Taking a bit of a smaller step back we have a couple of sports cars from Fleischmann.  As may not be surprising from the quality of these cars, I suspect they go back to the 1980's or earlier as they are fairly crude.  But you can add a Porsche 911 or a Ford GT to your N scale layout...it'll give all of those people in their emergency vehicles something to chase!
One of my favorites lately are these NSW Sport Prinz models from Herpa!  Better known for their small airplane models, not surprisingly Herpa does a really nice, quality job with their cars.
Herpa has also in recent years taken ownership of Roco's famous Mini-Tanks line of plastic military vehicles (which was primarily an HO scale venture, although they had a few 1/160 items).  So you can now get this terrifically named and looking "UniMog" in a Herpa package (along with some Leopard tanks and M113 APC's if you need them).

Need some buses? Needs some buses for Tourists?  Surprisingly, there seems to be a disproportionate number of buses in N Gauge than cars (Check our the offerings from Mini's, Rietze and others), but a couple of my favorites are these die-cast metal and plastic buses from Kyosho from Japan.  If the name Kyosho sounds familiar is because they are probably better known for the Radio Control products than their N gauge models! 
If your road transportation needs are more from the 1950's-1960's era,  and you don't mind a preponderance of Mercedes and other European vehicles (along with primarily German advertising on the trailer sides), then Minis is a great brand to check out.  They make some really beautiful trucks with trailers as well as other commercial vehicles.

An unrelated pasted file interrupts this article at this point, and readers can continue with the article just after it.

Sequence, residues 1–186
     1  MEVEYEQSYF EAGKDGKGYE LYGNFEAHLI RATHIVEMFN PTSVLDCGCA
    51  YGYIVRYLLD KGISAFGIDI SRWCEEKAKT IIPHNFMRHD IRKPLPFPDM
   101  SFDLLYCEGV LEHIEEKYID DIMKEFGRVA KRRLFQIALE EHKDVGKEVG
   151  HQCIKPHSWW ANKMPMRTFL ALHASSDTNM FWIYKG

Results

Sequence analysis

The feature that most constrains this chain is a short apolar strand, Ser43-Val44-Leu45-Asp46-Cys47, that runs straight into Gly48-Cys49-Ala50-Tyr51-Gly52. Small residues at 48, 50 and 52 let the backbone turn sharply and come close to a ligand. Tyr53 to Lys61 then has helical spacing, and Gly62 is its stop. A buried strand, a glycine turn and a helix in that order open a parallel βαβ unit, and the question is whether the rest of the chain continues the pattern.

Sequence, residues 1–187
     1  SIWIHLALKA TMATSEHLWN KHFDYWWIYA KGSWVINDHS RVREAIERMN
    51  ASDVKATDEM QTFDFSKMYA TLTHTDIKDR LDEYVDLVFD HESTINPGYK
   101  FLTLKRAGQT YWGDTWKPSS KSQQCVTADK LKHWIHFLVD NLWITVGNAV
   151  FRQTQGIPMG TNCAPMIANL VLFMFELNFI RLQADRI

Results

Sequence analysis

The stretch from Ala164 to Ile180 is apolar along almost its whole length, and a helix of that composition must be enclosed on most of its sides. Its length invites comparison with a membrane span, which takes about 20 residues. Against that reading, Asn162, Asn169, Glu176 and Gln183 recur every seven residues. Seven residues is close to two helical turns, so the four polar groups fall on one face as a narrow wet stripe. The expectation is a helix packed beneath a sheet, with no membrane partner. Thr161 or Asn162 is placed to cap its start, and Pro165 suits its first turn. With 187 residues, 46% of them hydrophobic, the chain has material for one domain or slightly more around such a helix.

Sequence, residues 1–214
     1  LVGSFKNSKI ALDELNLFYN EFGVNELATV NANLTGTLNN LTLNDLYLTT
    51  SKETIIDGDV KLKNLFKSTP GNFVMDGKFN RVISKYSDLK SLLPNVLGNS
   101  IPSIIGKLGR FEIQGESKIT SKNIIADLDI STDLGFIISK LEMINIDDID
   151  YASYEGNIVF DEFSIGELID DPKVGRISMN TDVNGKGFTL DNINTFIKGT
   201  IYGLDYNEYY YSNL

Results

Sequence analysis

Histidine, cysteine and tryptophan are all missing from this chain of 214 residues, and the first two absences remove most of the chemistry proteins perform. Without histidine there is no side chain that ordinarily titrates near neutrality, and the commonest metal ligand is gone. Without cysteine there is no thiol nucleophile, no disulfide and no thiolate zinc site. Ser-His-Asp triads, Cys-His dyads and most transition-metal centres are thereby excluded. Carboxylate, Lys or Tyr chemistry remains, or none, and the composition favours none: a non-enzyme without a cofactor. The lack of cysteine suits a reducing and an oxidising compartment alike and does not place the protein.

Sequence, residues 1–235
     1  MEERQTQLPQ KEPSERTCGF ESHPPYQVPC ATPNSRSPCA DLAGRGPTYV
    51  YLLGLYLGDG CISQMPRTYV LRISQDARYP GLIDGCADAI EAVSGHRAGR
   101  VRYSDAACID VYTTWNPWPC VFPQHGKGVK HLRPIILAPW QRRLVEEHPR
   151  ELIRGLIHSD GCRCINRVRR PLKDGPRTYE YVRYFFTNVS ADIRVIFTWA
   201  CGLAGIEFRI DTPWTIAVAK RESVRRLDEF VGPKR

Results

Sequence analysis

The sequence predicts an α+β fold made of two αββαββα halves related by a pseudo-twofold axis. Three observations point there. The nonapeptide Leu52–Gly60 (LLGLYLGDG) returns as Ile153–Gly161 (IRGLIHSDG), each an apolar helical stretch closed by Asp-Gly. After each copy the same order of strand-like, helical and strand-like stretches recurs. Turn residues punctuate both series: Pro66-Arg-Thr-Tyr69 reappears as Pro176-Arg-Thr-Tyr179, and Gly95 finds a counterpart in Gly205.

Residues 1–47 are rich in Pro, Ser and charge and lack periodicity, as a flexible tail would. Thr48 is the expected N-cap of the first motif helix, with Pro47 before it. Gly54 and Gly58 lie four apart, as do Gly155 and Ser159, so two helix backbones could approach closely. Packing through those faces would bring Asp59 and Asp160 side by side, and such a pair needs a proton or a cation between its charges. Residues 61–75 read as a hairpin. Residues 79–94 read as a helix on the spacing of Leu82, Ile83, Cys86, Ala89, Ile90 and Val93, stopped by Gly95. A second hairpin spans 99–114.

They are not limited to just commercial vehicles, as this really sharp, precise VW van demonstrates!

Marks is an interesting company.  Again, a focus on European prototypes, they have some of the most expensive cars in N scale available!  The one 'premium' version I have, is another Volvo. Amazingly similar in some aspects to the much cheaper and cruder plastic version from IMU.  Although the photo does not represent it well, the detail and printing on this rally car Volvo are really sharp.  It also cost me too!  I think this one car was the same price as 3 or 4 cars from other manufacturers.

That's if for "Part 2"!  Part 3 is coming! Thanks for reading!


Model Power Kitbash: Triangular Building (WIP / Part 1)

I continue to pluck away at filling in the building gaps in my background behind the passenger terminal.  My approach has been to find unusual facades or kit-bash / scratch-build my own facades for this area of the layout.

Currently I am working on filling the gap in the triangular space you can see in the above photo.  This structure would fill a gap between the bridge and road to the 'country side' (on the left) and the end of the urban area (which is mostly to the right in the above photo).